In the February issue of e-flux journal, Gleb Napreenko reviews Benjamin H. D. Buchloh's Formalism and Historicity, suggesting that Buchloh's vision of an omnipresent and omnipotent spectacular capitalism ignores real fissures and instabilities in this edifice. An excerpt:
Buchloh calls for responsive strategic thinking. Heeding his call, we should ask whether it is possible to tear our eyes away from a totalizing vision of the spectacle, from the mesmerizing investigation of power’s mechanisms and the insistence on an unrelenting social determination, without forgetting its institutional reality. For the investigations that occupy Buchloh promise their own sort of intoxication, albeit one different than that of conservative art, which charms us with illusions and oblivion. The glare from his enlightenment is blinding, and as we observe the patterns Buchloh has detected, we cease to consider the peripheral, the incomplete, or the contested. Despite the undeniable charisma of Buchloh’s total criticism, can we recognize the value of a method that would indulge asceticism only to the extent that such refusal serves the larger project of emancipation, rather than the other way around? For the real fissure of the subject, which Buchloh himself discusses, consists in the detection of the inevitable blind spots that arise in any system of knowledge, panoptical or otherwise. Identifying these fissures—which are present within each of us—can hardly be labeled practically or pragmatically valuable if we deem practical and pragmatic only what is subject to instrumentalization, monitoring, and rational management. And yet, this fissure is inseparable from any attempts to act on current conditions.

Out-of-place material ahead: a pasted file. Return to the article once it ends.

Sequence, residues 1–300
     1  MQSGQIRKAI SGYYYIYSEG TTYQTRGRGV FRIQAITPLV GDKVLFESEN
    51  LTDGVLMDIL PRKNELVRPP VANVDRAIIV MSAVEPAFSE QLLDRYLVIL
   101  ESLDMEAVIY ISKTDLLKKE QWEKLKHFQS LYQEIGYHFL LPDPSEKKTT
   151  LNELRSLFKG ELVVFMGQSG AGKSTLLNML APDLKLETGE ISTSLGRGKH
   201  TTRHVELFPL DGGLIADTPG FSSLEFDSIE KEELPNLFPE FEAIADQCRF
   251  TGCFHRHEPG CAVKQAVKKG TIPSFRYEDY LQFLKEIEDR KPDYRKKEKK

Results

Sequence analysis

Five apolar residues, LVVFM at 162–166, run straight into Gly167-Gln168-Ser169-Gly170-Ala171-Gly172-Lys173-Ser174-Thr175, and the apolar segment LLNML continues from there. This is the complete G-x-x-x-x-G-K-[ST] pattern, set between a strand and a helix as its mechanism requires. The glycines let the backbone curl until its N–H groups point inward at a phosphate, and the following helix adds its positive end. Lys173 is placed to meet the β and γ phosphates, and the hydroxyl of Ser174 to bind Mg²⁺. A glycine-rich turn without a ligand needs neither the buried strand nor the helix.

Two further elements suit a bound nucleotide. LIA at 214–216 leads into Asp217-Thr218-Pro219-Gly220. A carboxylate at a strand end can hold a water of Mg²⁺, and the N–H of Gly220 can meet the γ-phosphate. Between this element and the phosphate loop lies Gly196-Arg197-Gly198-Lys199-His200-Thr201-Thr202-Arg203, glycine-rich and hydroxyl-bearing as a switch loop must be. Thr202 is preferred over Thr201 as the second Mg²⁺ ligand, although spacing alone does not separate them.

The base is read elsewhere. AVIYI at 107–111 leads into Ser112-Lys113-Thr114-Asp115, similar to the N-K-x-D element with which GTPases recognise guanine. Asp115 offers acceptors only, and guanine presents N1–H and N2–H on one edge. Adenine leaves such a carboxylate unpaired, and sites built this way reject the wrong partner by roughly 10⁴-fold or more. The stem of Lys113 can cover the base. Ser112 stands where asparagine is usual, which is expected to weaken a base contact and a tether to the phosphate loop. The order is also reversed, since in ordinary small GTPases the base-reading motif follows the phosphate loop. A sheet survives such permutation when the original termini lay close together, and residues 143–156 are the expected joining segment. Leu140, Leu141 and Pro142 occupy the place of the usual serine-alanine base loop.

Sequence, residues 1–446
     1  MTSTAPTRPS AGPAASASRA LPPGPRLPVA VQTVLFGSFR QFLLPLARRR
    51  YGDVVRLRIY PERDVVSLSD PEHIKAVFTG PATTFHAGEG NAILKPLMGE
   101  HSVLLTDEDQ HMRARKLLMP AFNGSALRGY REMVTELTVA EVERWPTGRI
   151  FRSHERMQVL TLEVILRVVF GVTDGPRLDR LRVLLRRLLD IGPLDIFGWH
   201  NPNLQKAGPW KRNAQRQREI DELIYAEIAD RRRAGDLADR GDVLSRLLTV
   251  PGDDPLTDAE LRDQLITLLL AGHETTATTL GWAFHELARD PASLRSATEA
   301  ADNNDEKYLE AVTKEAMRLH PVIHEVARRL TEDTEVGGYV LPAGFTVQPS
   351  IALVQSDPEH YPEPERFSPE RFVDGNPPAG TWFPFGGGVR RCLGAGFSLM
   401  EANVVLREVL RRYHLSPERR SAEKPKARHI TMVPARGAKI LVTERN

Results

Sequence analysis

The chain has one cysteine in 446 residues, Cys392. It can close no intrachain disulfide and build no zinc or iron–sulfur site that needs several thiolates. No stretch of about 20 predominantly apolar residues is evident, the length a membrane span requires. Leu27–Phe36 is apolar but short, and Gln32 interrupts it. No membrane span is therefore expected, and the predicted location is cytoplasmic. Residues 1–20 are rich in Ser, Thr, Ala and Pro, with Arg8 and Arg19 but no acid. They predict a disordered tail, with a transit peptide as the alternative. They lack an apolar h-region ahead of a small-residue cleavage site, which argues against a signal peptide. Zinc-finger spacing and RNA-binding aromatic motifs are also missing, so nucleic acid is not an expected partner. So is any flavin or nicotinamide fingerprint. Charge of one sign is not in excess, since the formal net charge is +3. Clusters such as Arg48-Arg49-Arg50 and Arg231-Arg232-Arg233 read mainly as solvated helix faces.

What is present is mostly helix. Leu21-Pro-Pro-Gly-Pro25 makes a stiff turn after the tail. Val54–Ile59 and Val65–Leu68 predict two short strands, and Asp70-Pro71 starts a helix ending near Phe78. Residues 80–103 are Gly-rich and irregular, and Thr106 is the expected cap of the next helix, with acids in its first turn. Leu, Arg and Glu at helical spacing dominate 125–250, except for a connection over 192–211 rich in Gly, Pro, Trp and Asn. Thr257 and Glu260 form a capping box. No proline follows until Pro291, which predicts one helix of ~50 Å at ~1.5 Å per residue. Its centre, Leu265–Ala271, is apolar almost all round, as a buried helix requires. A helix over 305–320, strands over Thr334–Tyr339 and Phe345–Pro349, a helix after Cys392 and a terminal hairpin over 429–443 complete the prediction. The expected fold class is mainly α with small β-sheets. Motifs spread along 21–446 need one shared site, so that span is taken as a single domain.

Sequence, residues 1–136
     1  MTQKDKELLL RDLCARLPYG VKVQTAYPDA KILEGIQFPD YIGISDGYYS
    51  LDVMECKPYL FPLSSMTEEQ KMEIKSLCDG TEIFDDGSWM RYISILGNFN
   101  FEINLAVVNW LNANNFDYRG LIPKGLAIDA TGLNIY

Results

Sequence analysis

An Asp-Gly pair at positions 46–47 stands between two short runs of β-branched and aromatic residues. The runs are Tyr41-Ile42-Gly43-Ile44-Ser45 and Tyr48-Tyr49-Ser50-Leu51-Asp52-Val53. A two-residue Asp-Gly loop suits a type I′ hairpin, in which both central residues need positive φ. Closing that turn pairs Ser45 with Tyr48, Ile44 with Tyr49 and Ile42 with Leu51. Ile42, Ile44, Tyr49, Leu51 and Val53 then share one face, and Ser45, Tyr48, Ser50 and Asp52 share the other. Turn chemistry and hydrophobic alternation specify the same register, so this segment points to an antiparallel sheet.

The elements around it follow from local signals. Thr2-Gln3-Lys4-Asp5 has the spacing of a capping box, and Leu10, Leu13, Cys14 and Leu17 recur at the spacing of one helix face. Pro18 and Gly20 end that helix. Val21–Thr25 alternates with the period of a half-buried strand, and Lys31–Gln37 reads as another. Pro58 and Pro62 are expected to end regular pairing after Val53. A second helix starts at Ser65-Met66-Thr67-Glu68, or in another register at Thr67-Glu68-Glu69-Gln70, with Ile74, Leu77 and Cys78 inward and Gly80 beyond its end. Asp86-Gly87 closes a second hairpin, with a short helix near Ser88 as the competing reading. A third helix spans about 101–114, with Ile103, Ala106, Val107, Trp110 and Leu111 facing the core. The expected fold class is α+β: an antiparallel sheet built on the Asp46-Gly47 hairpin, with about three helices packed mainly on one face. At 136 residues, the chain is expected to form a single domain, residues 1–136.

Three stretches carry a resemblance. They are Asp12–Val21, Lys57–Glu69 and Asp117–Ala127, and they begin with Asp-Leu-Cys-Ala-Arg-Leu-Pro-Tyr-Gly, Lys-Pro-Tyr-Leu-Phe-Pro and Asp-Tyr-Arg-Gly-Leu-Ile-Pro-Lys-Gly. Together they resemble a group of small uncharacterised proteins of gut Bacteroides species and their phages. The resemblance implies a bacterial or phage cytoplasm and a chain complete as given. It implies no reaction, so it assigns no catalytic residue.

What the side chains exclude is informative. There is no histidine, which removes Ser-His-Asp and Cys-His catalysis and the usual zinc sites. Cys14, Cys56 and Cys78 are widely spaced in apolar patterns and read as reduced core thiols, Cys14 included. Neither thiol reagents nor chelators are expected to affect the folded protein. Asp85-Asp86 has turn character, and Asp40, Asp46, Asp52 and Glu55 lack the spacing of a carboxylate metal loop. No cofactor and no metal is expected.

Image: Steve Kado, October Jr., 2010. Artists’ book and 45 min presentation. A ¾-scale model of the Spring 1980 issue of October 12.